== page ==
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I have been installing either the Standard or Enterprise versions of Server 2008, but am curious about Server Core. What have you used this for? Did you like it or end up having to upgrade to a more complete version?

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A more complete version? As if core is incomplete? Core is completely complete for it's intended role. –  joeqwerty Jul 9 '10 at 19:12
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Why did you install Standard instead of using the "more complete" Enterprise version everywhere? Could it be that it was appropriate for the intended use? Guess what, the same applies to Core, or any other version. –  John Gardeniers Jul 10 '10 at 3:52
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4 Answers

up vote 2 down vote accepted

We have been using/testing 2008 R2 Core for nearly a year now. Our intention is to migrate the following services to Core installs prior to the end of the next K12 school year.

  • Domain Controllers
  • DNS/DHCP
  • File Servers
  • Print Server

Microsoft has made great progress in improving their remote management tools suite over the years, but for some users, these tools can present a significant learning curve. If you are still getting your feet wet with core installs, take a look at the Core Configurator which can expedite your deployment/configuration process.

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the only good thing about core is that it confused/scares the hell out of dumb admins! Which is a good thing.

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+/-0, Not sure if Trolling. I really think Core offers "dumb" admins a chance to think about the tasks they want perform rather than just click-n-drooling their way through them. Core is also nice in the less-is-more regard. Why does something as simple as a file server need a full-blown GUI? –  jscott Jul 10 '10 at 12:19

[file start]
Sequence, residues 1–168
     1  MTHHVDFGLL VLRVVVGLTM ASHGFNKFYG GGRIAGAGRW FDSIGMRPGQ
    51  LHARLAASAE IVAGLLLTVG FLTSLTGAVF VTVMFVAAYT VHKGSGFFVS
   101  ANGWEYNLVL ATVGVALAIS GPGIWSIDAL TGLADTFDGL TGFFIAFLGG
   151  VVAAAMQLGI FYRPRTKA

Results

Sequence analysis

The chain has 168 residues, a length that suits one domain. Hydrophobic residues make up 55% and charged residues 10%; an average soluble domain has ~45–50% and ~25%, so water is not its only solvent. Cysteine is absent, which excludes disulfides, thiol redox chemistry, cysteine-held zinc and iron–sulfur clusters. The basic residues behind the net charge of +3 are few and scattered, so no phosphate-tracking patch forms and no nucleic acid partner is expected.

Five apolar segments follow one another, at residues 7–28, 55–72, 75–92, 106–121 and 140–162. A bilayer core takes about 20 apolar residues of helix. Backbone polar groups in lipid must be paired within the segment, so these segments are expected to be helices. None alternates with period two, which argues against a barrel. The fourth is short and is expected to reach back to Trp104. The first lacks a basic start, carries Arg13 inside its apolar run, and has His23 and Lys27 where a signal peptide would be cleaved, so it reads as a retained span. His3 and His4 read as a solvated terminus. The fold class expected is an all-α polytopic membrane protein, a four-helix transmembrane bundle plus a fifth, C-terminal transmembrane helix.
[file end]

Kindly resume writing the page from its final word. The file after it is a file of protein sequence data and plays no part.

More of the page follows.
more or less just joking! Most admins I work with are too stuck on the gui to ever take the time to learn core. I hade a real good conversation with MS on the subject core vs regular server and their general opinion was with clustered servers you don't gain much in terms of security or patch cycles. So our conclusion was infrastructure and non clusterable servers were the best fit for core. –  tony roth Jul 10 '10 at 19:34
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We use it primarily for domain controllers. It helps to enforce the best practice that you shouldn't run any services on your DCs other than the AD services.

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The mistake I made is that server core is more suited for infrastructure servers, then it was made to be a modularized application specific server similar to what has been done with some of single purpose Linux distro's.

For example, I thought server core would make a great build server for our code base, this turned out not to be the case. Perhaps this was more due to the dependencies of the code base.

I was able to use it for our SVN server without to much additional pain.

Hopefully, in the future it will be extended to support hosting other services such as Sql Server, TFS, etc.

Overall I think it is a good step in the right direction.

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